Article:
I have not posted in a while, because parenting and working during a pandemic has truthfully been hard. One goal I have for 2021 is to get back to bringing content to my website. As you may or may not know, I am very passionate about working on healthy relationships between parents and their children. Through my years as a trauma therapist I have found that supporting parents in their mental health can greatly benefit not only them, but their children, broader families and communities. 

This has been especially challenging during a pandemic. So many of our coping skills have become inaccessible, our support systems have been relegated to zoom and phone calls instead of visits and hugs.  This is why I am so excited to introduce my first (but not last!) guest blogger. 

Joanna Strait is a Licensed Clinical Social Worker in the DMV area. She has a passion and advanced training in supporting moms experiencing perinatal mood and anxiety disorders. She is the owner of TogetherWell Therapy and she runs a FREE Prenatal and Postpartum Stress Support Group at The Breastfeeding Center in DC (more info here.)

Let’s Talk About Prenatal and Postpartum Rage:

Written By: Joanna Strait LCSW-C, LICSW

Now, more than ever, we are working hard towards breaking the stigma related to the common, but difficult, experiences within the perinatal (prenatal and postpartum) period.  Mothers and their advocates are increasingly engaging in open conversations about infertility, miscarriage, prenatal, postpartum and paternal mood disorders, the struggle to breastfeed, and parental attachment (just to name a few).  These conversations are so important to help highlight the unrealistic expectations that our society has of parents, and that we consequently end up believing ourselves. 

Despite all of the increased transparency around mental health in the perinatal period, there is a common experience that remains hidden from public view and conversation, increasing the shame, judgement, and isolation that many women feel.  Postpartum rage is often an intense and scary experience, one that catches many of us off guard and makes us wonder whether we have broken or snapped. The good news is that the rage does not mean either of these things, no matter how real they might feel, and that rage serves as a red flag that we need to attend to our overall mental health.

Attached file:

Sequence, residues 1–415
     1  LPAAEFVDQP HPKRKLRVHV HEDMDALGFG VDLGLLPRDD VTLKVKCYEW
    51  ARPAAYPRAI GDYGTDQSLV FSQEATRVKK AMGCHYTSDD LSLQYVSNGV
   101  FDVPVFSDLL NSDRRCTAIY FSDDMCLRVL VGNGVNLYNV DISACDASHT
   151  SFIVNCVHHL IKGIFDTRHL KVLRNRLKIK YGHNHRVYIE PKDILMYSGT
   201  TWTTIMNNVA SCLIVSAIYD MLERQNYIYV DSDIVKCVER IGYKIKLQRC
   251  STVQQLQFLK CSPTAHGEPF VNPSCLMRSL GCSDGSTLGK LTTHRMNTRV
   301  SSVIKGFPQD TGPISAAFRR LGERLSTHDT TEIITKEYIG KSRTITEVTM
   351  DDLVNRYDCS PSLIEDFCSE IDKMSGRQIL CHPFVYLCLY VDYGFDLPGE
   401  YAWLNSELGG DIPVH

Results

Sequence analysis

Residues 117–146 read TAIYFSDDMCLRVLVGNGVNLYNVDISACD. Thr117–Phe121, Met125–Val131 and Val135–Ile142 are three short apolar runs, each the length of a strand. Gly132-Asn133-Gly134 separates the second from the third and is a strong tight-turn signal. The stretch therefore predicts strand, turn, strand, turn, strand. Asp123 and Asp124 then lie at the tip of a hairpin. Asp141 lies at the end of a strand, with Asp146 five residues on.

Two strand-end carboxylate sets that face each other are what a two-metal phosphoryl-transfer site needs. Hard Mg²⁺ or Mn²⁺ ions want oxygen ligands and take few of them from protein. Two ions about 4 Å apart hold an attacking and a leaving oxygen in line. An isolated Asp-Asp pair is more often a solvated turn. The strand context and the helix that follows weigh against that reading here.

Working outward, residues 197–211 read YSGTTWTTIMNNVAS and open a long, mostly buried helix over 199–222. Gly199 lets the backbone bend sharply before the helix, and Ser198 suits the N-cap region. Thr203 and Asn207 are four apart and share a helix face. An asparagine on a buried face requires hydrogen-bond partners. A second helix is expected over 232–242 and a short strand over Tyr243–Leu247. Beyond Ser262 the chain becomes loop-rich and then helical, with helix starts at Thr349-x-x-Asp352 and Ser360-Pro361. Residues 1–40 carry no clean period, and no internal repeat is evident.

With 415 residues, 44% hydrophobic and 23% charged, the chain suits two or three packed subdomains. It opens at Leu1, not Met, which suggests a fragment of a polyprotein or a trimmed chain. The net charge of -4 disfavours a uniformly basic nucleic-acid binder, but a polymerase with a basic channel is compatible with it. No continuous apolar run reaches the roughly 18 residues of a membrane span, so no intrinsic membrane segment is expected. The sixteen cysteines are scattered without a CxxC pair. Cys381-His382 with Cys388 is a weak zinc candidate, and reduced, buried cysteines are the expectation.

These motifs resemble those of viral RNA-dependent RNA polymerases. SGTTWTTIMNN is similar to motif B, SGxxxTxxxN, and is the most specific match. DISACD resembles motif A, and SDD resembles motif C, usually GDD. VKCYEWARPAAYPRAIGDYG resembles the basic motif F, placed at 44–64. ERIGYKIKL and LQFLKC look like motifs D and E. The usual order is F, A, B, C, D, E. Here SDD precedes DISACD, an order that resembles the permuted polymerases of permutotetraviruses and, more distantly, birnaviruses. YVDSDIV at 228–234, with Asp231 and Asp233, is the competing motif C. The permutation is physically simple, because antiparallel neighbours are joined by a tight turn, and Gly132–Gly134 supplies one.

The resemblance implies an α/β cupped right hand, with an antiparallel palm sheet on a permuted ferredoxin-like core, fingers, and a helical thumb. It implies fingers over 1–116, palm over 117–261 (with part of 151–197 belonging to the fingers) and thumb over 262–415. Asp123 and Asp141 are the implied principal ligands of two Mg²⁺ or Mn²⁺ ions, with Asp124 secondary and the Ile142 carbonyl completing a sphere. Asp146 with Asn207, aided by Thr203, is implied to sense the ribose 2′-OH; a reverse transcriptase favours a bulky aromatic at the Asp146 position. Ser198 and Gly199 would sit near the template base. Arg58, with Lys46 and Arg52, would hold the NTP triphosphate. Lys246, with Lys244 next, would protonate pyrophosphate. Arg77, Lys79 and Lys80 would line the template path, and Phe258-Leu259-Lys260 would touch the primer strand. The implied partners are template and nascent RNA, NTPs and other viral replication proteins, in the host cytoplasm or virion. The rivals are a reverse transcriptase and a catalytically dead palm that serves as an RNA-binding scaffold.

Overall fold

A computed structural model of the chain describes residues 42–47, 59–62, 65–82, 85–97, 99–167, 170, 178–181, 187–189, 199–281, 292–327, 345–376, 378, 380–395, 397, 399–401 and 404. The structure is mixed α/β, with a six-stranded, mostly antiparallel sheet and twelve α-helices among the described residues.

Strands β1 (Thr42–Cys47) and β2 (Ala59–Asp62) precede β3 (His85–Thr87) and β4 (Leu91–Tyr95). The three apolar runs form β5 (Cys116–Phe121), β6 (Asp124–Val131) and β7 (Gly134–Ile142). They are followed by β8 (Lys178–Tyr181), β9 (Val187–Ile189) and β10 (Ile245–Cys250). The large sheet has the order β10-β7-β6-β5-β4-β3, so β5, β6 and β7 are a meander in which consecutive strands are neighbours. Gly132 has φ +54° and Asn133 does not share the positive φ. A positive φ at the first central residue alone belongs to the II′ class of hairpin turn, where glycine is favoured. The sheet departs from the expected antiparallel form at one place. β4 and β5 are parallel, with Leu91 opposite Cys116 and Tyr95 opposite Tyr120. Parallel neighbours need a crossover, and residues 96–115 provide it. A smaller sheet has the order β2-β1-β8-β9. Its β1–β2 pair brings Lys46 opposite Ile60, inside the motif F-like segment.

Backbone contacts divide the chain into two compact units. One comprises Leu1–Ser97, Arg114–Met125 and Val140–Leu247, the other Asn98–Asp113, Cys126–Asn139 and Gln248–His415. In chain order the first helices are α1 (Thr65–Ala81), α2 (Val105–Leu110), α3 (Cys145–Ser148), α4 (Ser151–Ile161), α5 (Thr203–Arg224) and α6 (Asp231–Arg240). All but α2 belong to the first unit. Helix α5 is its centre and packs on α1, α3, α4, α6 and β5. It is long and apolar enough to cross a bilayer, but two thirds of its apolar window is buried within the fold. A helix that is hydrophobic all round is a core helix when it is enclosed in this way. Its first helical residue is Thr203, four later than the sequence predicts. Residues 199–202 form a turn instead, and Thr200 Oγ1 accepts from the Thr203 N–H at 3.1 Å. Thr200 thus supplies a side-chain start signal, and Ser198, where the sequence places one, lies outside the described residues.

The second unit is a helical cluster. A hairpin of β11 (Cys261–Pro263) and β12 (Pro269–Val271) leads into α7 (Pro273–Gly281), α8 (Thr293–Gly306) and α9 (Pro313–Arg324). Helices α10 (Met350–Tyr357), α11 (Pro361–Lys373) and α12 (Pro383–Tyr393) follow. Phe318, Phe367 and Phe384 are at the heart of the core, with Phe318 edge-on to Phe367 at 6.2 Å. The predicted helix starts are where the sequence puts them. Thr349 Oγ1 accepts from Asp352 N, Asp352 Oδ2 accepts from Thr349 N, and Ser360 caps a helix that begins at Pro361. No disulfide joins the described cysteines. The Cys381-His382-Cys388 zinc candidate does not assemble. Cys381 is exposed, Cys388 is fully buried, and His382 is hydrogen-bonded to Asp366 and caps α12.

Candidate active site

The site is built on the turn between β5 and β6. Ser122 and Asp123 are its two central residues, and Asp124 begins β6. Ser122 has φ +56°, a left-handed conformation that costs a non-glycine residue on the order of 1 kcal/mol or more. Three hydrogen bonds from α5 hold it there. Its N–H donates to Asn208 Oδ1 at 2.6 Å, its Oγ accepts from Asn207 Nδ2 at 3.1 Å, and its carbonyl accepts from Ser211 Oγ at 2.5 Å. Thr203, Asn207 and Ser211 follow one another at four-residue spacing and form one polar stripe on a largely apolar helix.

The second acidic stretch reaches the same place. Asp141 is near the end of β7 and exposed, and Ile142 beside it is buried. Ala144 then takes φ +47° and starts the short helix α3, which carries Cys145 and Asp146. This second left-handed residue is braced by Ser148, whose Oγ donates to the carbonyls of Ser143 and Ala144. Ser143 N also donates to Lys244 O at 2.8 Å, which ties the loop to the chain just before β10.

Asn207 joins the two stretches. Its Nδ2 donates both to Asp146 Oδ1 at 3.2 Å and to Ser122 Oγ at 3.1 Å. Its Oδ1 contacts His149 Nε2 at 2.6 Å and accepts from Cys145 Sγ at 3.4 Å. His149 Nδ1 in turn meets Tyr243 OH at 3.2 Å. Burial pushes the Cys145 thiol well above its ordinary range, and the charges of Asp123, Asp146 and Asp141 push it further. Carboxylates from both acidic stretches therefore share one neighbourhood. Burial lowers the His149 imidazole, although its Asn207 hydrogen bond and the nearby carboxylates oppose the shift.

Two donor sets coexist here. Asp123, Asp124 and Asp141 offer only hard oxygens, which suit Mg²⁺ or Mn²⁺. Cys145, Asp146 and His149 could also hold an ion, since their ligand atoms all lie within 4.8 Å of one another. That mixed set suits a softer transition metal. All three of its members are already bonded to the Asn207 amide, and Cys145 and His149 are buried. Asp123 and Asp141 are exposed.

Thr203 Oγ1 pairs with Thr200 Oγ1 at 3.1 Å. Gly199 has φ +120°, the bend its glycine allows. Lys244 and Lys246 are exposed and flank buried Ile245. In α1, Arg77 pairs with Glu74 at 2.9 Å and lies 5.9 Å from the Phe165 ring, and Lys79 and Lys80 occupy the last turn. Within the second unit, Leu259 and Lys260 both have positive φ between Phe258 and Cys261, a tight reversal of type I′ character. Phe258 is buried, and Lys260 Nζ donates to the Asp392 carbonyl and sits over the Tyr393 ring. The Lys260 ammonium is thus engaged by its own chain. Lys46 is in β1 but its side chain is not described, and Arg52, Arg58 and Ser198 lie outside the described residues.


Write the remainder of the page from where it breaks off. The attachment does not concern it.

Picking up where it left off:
What is perinatal rage? How is it different from anger? 

Postpartum rage is one of the lesser known symptoms of prenatal and postpartum depression.  It can manifest in slightly different ways for different people, but it is often a sudden feeling of intense irritability or explosive anger, one that can feel like you have lost emotional and physical control.  Women often describe it as “seeing red.” You might find that you are unable to stop yourself from yelling, or even feel an impulse to harm your partner, a family member, or even your baby.  The difference between rage and anger, is often the sudden onset and intensity of the feeling. 

What causes perinatal rage? 

It’s unclear whether perinatal rage causes depression or if the depression causes the rage, but it is a common symptom of prenatal and postpartum depression. 1 in 8 women experiences a perinatal mood disorder (and I suspect that number is even higher due to underreporting and inconsistent screening). Sadness, tearfulness, exhaustion, appetite changes, and hopelessness are common symptoms of depression that many people can readily identify. Rage is often the manifestation of similar underlying feelings: frustration, loneliness, feeling overwhelmed, and lack of control.   Because rage isn’t discussed, moms who experience it often feel shame and are therefore less likely to report the symptom and seek support. 

Will perinatal rage permanently impact my baby or older children? 

If perinatal depression (including rage) goes untreated, there are possible risks to the parent child relationship to include the disruption of healthy bonding and attachment.  In severe cases, there is also the risk of violence against a partner, baby or self.  Because of this risk, it is important to share scary feelings and violent thoughts with a supportive loved one, your doctor, or a mental health provider. The great news is that perinatal depression is very treatable with the appropriate treatment and support.  The sooner you seek help, the sooner you can lower the chance of any negative outcomes for you and your family. 

If you are currently in crisis or fear you might act on violent impulses, you can call the following 24/7 mental health support hotlines:

SAMHSA National Helpline: 1-800-662-HELP (4357)

National Suicide Prevention Lifeline: 1-800-273-TALK (8255)

To Find Local Non-Crisis Resources:

Postpartum Support International Hotline: 1-800-944-4773

What can be done to minimize or eliminate the rage? 

Because rage is a symptom of underlying depression, treating the depression (whether it is with therapy, counseling, medication or a combination) is the most effective treatment.  Seeking out a mental health provider who has specialized training in perinatal mental health can help you sort through options and make a solid plan to quickly introduce strategies to reduce rage and other symptoms of depression. 

Are there ways to reduce the risk of experiencing rage in subsequent pregnancies? 

While the chance of a perinatal mood disorder is higher for women who have had it before, engaging in supportive therapy, possible medication, and building up trusted support systems early-on can help lower risk and mitigate severity. Women who have experienced depression with rage symptoms before are usually much better able to identify symptoms and seek support. If you are at risk for perinatal depression or anxiety, talk with your doctor or therapist about creating a supportive prevention plan. 

Photo by Yan from Pexels